Bone cements are typically formed by mixing a polymer powder and a liquid monomer, such as polymethyl methacrylate (PMMA) or methyl methacrylate. In order to activate the bone cement, the components must be combined or mixed.
The two components forming the cement are first combined in a mixing container such as a bowl and then the material is transferred to a separate dispensing or injection apparatus. Conventionally, the cement is poured or spooned from the mixing device to the dispensing device. More recently, systems have been developed to provide for the transfer of the cement from the mixing container into the dispensing device. Examples of delivery or dispensing systems are found in U.S. Pat. No. 6,783,515, and U.S. Patent Application Serial No. 2003/0012080, each of which is incorporated by reference herein.
A shortcoming of the above described procedures is the escape of gaseous fumes of the bone cement during mixing and transfer from the mixing container to the injection system. This problem arises because the bone cement emits vapors as it is mixed. These vapors are toxic. Surgeons performing these types of surgical procedures desire to minimize their exposure to the toxic gaseous fumes. Additionally, air bubbles may be trapped in the cement during mixing. The air bubbles may compromise the quality of the bone cement to treat or repair the target bone. Also, exposure to the air or atmosphere may degrade or slow the curing time.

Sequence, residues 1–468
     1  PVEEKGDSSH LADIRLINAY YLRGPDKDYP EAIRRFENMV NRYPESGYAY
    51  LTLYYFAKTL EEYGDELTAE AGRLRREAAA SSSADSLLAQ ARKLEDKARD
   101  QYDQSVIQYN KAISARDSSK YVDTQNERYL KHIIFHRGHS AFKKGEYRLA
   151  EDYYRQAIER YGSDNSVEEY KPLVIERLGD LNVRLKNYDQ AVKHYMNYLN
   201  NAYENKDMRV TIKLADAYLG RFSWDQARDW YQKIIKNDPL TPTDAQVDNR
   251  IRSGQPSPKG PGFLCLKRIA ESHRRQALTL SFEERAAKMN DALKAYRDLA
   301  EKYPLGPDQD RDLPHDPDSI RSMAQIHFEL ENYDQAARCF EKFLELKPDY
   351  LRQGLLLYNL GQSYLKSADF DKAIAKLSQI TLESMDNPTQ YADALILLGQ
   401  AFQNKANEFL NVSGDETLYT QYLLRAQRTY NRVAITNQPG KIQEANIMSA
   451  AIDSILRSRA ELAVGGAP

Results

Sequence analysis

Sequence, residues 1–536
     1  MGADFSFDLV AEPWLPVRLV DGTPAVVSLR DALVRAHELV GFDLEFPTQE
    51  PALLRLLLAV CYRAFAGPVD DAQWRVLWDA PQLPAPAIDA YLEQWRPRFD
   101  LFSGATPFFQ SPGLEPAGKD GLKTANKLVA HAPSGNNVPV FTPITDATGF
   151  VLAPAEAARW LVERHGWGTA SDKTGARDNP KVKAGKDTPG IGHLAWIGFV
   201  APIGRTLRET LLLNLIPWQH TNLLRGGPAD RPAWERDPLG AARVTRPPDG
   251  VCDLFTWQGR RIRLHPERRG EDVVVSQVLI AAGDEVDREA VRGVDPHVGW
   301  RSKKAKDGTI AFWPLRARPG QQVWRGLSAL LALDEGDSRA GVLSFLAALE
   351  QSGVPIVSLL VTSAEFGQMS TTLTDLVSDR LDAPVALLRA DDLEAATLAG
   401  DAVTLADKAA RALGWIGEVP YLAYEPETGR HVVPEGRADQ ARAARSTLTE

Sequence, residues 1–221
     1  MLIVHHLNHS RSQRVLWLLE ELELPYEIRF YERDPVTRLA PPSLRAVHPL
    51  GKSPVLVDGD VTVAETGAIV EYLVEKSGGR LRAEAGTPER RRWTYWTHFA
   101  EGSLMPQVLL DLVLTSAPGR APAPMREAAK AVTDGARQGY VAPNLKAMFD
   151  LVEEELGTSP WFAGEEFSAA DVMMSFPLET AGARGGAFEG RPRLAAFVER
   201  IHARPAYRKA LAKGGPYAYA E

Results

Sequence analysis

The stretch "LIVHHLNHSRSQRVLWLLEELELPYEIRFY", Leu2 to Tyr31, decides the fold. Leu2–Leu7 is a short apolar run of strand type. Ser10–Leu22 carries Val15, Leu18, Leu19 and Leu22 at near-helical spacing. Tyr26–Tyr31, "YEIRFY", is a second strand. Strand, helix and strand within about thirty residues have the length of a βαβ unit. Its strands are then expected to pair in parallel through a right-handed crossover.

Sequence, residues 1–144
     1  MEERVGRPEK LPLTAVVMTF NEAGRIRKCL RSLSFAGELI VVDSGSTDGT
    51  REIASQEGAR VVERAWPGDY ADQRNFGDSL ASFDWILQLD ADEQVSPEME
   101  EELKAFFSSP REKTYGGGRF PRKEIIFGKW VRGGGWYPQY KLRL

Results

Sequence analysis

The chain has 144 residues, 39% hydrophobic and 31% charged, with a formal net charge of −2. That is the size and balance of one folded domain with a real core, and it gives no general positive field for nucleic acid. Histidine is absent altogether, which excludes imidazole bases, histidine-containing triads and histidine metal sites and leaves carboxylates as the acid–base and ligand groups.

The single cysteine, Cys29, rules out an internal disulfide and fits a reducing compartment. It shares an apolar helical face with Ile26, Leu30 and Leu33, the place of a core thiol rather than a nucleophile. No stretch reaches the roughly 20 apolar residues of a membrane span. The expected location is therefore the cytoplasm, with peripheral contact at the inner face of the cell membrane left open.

Accordingly, there exists a need for an improved mechanism and system for directly transferring viscous materials from one chamber to another in a completely sealed, airtight manner.
The system of the present invention includes apparatus and methods adapted to meet such needs as well as provide other advantages readily apparent to those with skill in the art.
The present invention is a mechanism and improved system and method for the transfer of material from one chamber or device to another chamber or device, wherein the mechanism may be a discrete component or part of an integrated system. The invention is particularly suitable where the material is viscous and/or where it is preferential to maintain the material in a sealed environment where fumes from the material are unable to escape into the ambient air and the ambient air is unable to enter into the sealed environment.